Lack of interest from consumers or a lack of regulation are traditionally raised as other key barriers to prioritizing CSR within organizations’ business strategies. This is, however, contradicted by every new survey taking the pulse of consumers: 96% have a positive image of companies engaging in CSR, 94% are more likely to trust them and 93% to stay loyal with them . Does this actually translate to consumption? 63% of Middle Eastern consumers say they are willing to pay extra for products or services from companies committed to positive social and environmental impact (ie a +10% progression from the previous survey, and +8% from the global average…). As for the lack of regulation, it may well have been a driver for less proactive social and environmental action in this part of the world. But, a look at the trends in national environmental laws, regulations and standards in the UAE (skyrocketing since the 1980s ) makes this point less and less relevant.

The most important barriers to a virtuous value creating CSR are not external but endemic to an organization. Understanding an organization’s unique web of barriers and drivers, regularly revisiting the business case for CSR (demonstrating a clear link to the business value) and accepting that it is a continually evolving and learning process, are key pre-requisites to its success.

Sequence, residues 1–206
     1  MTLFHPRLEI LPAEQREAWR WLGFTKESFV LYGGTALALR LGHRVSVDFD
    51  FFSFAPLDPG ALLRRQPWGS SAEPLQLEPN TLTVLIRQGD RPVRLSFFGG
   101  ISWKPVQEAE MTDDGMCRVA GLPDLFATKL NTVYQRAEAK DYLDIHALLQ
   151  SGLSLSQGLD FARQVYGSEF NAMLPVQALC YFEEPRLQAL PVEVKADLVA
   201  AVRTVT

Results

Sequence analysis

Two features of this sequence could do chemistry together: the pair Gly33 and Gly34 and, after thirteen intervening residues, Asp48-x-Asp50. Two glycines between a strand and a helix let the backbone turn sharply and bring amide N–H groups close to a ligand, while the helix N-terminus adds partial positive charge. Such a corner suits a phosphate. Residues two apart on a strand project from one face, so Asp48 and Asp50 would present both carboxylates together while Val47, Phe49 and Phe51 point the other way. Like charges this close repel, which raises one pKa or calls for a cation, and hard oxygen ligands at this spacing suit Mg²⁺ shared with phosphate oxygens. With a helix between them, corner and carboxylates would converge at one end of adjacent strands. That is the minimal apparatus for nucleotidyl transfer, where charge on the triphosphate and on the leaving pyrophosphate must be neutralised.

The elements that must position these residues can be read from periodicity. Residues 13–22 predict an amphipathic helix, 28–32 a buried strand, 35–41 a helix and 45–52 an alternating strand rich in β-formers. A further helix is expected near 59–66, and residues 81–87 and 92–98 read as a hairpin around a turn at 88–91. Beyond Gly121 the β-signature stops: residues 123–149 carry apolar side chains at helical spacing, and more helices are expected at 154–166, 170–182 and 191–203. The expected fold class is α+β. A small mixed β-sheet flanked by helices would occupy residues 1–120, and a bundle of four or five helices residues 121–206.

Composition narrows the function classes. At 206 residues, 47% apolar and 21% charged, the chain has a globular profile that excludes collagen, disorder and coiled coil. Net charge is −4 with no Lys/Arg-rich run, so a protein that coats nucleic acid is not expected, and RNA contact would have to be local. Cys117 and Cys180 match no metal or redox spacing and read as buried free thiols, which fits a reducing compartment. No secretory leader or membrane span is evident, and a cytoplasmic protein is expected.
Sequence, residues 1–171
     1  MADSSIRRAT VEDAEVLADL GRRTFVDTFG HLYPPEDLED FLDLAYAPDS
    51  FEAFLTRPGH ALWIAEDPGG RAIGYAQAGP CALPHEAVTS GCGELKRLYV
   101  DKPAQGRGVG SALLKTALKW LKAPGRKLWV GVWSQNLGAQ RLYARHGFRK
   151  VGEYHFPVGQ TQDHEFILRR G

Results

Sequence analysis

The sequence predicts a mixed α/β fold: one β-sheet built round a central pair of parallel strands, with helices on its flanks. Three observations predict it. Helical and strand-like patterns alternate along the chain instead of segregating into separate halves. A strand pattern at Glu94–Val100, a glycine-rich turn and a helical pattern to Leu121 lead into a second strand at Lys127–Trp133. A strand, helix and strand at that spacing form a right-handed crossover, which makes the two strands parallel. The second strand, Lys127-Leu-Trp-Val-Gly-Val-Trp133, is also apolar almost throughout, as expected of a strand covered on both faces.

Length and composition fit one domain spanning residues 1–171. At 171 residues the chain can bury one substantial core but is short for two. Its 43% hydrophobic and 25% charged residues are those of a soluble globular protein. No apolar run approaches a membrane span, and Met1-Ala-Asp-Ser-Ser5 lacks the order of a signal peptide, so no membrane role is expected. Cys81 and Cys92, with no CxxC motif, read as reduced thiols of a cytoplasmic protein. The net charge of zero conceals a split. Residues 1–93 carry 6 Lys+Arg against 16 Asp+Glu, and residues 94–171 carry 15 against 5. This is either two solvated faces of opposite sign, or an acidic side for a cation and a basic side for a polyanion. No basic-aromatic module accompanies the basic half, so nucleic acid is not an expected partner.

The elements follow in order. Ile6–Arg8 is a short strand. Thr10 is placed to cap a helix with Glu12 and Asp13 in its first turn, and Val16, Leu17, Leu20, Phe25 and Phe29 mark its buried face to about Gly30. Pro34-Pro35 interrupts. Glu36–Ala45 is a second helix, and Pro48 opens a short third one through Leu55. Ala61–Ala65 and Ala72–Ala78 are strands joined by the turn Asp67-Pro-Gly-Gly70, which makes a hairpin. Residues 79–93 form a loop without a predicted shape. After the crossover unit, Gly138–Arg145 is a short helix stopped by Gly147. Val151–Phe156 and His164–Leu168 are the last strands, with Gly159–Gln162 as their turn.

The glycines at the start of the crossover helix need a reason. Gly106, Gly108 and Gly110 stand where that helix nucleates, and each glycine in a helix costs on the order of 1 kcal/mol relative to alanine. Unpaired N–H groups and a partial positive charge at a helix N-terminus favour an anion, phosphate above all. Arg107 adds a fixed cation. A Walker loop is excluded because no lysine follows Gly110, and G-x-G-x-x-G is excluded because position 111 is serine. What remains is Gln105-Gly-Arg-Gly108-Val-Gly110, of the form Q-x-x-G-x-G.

A strong minority of the CSR initiatives I reviewed, across sectors, social/environmental issues and countries, impressively made the point that ambitious, carefully designed, integrated, collaborative CSR initiatives had the power to deliver sustained and measurable impact, way beyond their objectives. The tide is inexorably shifting. But with issues at stake getting more pressing and such complex and interconnected barriers, it is only with a more educating and supportive approach that we can empower the CSR function within organizations and turn the tide into a tidal wave of change.

So… do we pull the plug on CSR and throw out the baby with the bathwater? At one point in the “Is CSR dead?” debate, one member of the audience made this remark: “The notion of CSR is so nascent, minimal, that it hasn’t even been born! It is still embryonic: a long way from death but a long way from birth…”

[1] Source: Cone Echo Global CSR Study, 2013 http://www.conecomm.com/global-csr-study

[1] Source: Nielsen Global CSR Report June 2014 http://www.nielsen.com/content/dam/nielsenglobal/apac/docs/reports/2014/Nielsen-Global-Corporate-Social-Responsibility-Report-June-2014.pdf

[1] Source: ESMA (Emirates Standards Metrology Authority), UAE State of the Green Economy report 2014